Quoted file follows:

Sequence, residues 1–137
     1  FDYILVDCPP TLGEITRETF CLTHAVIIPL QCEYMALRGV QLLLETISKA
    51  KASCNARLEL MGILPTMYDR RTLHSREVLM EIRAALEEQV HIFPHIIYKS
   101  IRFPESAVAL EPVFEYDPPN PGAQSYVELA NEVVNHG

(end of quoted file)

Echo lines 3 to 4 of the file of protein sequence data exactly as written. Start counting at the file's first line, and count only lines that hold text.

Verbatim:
    51  KASCNARLEL MGILPTMYDR RTLHSREVLM EIRAALEEQV HIFPHIIYKS
   101  IRFPESAVAL EPVFEYDPPN PGAQSYVELA NEVVNHG